Personal Injury law – What is QOCS?
Qualified One-way Costs shifting (QOCS) was introduced in April 2013.
In traditional Scottish civil courts, the principle was that the loser would need to pay the legal costs. However, the introduction of QOCS has changed this norm. Under QOCS, if a person bringing a personal injury claim (pursuer) loses the case, they are generally not required to pay the legal costs of the other party (defender). The purpose of QOCS is to make justice more accessible by alleviating the fear of financial consequences for unsuccessful claimants.
Exceptions to QOCS
While QOCS is a general rule, there are exceptions. QOCS applies only when the claimant and their legal representative conduct themselves appropriately. The Civil Litigation (Expenses and Group Proceedings) (Scotland) Act 2018 outlines the exceptions:
Fraudulent Representation: If a person makes a fraudulent representation or acts fraudulently in connection with the claim, QOCS may not apply.
Manifestly Unreasonable behaviour: QOCS may not apply if the claimant behaves in a manner that is obviously unreasonable, such as consistently failing to appear in court or providing incorrect information.
Abuse of Process: Bringing a case to court with no feasible prospect of success or deliberately deceiving the court may result in QOCS not applying.
Interpreting Exceptions: Case Examples
Manifestly Unreasonable Behaviour:
In the case of Lennox vs Iceland Foods, the court clarified that “manifestly unreasonable” behaviour has a high threshold and is exceptional. Failing to appear at court hearings, as seen in Murray vs Boots, can meet this standard. Similarly, in John Carty vs Churchill, consistently failing to respond to correspondence and missing court deadlines was deemed manifestly unreasonable.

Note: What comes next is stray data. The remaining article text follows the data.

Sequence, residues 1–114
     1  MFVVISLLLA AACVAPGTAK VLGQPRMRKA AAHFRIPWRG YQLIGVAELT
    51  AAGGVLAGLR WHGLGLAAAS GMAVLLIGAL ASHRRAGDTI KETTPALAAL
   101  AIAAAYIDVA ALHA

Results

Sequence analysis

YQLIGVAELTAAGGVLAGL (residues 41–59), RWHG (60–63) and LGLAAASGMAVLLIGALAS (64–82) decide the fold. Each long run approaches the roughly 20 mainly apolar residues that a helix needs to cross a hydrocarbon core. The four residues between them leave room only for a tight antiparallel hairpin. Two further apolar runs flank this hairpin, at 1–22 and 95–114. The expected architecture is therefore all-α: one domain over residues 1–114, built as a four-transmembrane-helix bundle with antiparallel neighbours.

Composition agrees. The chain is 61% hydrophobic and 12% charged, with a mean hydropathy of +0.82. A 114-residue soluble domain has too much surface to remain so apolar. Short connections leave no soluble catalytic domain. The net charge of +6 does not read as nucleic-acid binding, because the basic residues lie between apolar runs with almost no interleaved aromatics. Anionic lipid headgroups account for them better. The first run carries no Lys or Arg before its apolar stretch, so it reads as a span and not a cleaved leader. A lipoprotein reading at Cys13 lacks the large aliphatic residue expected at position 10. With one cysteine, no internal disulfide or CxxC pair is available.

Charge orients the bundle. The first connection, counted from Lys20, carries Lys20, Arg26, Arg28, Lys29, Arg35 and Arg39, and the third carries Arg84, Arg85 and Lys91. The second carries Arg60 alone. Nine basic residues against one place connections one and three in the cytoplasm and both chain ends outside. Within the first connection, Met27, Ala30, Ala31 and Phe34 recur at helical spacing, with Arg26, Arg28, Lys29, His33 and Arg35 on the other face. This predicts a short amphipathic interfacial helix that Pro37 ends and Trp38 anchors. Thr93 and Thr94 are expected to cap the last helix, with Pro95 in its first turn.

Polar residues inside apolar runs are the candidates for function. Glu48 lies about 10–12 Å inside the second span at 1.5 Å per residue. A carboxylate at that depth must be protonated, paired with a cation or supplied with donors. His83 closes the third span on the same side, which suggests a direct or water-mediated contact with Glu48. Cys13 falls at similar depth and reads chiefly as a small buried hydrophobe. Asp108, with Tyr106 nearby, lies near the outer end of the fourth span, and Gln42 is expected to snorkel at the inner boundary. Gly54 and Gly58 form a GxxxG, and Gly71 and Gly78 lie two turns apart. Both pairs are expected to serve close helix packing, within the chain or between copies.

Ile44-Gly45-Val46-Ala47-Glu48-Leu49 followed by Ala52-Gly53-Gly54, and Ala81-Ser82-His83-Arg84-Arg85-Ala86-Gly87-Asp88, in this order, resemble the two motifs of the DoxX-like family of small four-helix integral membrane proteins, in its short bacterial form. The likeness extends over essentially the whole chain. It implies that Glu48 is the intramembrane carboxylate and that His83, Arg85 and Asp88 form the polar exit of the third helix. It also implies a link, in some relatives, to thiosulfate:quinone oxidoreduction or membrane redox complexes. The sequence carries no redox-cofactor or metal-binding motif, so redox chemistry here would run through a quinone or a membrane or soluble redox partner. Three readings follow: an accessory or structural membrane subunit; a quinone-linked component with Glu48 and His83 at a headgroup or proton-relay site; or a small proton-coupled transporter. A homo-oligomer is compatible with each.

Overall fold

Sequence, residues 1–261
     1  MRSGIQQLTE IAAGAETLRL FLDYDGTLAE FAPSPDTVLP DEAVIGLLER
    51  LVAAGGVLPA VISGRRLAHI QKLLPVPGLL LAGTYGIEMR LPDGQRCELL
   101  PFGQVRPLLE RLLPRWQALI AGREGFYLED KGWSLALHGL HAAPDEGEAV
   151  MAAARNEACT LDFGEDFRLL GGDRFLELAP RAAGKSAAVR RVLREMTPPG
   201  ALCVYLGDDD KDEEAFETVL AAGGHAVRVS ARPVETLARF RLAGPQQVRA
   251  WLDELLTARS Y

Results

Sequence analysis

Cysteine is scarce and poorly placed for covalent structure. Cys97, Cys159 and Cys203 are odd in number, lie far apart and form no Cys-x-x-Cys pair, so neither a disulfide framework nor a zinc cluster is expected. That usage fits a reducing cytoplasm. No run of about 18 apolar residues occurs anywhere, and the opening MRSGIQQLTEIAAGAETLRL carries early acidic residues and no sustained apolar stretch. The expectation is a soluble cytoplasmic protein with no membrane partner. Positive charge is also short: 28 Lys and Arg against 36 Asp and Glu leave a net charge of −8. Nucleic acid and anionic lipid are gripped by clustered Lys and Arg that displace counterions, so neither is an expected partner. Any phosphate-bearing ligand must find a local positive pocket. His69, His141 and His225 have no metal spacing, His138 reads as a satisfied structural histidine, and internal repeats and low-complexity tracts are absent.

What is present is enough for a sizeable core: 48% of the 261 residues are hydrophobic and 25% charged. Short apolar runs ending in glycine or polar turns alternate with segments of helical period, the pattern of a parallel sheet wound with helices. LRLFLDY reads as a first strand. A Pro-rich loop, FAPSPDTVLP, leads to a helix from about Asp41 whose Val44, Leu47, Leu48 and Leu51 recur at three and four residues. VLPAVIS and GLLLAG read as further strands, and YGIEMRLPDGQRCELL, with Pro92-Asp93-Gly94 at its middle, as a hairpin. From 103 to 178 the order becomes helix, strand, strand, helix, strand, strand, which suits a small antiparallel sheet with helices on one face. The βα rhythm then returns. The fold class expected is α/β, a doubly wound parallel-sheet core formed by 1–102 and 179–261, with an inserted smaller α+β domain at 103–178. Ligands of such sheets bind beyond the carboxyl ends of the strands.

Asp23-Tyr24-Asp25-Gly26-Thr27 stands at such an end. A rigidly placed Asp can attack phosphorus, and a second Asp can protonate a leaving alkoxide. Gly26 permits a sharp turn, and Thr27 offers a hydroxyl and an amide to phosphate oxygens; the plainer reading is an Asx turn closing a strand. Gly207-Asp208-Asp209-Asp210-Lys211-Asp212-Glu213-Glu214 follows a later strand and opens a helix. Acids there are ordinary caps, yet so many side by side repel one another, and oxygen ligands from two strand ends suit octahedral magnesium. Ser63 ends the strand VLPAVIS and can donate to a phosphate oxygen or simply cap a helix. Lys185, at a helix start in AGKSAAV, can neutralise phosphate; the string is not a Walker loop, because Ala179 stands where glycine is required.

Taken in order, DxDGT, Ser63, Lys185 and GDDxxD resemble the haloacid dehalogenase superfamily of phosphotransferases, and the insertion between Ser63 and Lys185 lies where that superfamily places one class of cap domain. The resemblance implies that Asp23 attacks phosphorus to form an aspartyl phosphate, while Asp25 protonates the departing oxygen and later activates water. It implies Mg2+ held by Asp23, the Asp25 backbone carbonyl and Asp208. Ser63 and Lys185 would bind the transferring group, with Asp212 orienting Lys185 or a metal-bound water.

Abuse of Process:
Abuse of process involves compromising the court’s integrity or bringing a baseless case. In Lennox vs Iceland Foods, despite the defender’s successful defence, the court did not find the pursuer’s actions to be an abuse of process.
In Gilchrist vs Chief Constable of Police Scotland, the court emphasised that making a fraudulent representation requires knowingly telling a lie. Mere preference for one party’s version of events does not constitute fraudulent representation.
The Act of Sederunt (Qualified One-Way Costs Shifting) 2021 outlines further exceptions, including the pursuer’s failure to obtain damages higher than a tender offered by the defender, unreasonable delay in accepting a tender, and abandonment of the action or appeal.
Conclusion: Striking a Balance
The tests to disapply QOCS protection are deliberately high to uphold the legislation’s purpose of facilitating access to justice. As cases unfold, the boundaries for exceptions become clearer. Notably, courts emphasise that each case is unique, requiring consideration of its specific facts. While there is ongoing activity and development in this area of law, over time, the rules are expected to settle as clearer boundaries are identified. QOCS, with its exceptions, seeks to strike a balance between protecting claimants from the financial burden of litigation and preventing abuse of the legal system.
Gildeas Solicitors have offices in Glasgow and Edinburgh and specialise in personal injury cases, including road traffic accidents.
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Gildeas – Making Personal Injury Personal.
Written by Pierre Gillespie